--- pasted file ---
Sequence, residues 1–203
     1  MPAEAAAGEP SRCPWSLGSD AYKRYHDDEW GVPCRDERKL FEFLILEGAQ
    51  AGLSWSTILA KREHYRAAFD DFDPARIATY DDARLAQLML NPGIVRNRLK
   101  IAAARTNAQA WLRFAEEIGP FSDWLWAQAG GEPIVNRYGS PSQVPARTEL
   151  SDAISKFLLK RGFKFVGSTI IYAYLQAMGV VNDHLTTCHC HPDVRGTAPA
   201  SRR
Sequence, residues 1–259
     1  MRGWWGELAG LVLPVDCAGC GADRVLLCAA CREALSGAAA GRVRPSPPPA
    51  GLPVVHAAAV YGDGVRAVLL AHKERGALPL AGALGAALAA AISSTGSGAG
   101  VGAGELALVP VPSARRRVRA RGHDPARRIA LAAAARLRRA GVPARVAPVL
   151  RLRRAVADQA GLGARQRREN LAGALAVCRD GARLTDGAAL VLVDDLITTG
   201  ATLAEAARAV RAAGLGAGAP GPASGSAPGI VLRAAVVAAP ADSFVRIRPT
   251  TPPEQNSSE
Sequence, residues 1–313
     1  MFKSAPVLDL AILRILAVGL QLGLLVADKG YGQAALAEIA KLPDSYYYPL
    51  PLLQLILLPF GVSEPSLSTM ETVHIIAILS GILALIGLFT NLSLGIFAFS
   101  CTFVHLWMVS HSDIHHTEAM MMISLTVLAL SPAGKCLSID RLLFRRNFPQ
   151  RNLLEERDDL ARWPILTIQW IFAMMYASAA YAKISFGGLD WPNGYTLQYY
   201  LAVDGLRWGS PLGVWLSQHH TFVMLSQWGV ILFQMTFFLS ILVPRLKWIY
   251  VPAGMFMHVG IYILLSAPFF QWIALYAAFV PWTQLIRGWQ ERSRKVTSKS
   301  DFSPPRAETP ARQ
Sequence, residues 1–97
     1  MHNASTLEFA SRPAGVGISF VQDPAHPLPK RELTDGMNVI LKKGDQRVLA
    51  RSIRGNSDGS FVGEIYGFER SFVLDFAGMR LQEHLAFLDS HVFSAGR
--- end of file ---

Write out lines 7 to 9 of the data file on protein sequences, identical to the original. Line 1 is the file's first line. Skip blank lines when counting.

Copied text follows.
Sequence, residues 1–259
     1  MRGWWGELAG LVLPVDCAGC GADRVLLCAA CREALSGAAA GRVRPSPPPA
    51  GLPVVHAAAV YGDGVRAVLL AHKERGALPL AGALGAALAA AISSTGSGAG